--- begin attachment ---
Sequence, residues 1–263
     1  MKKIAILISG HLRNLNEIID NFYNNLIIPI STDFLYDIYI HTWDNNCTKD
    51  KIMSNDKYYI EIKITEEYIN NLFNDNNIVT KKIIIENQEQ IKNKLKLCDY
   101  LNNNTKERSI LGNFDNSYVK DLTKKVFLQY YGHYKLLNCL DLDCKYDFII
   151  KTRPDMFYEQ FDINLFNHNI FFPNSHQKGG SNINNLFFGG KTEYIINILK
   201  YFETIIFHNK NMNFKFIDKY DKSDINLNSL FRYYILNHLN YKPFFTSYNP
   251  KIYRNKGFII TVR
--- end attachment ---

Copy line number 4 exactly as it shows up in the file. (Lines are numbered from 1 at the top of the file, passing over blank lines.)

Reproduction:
   101  LNNNTKERSI LGNFDNSYVK DLTKKVFLQY YGHYKLLNCL DLDCKYDFII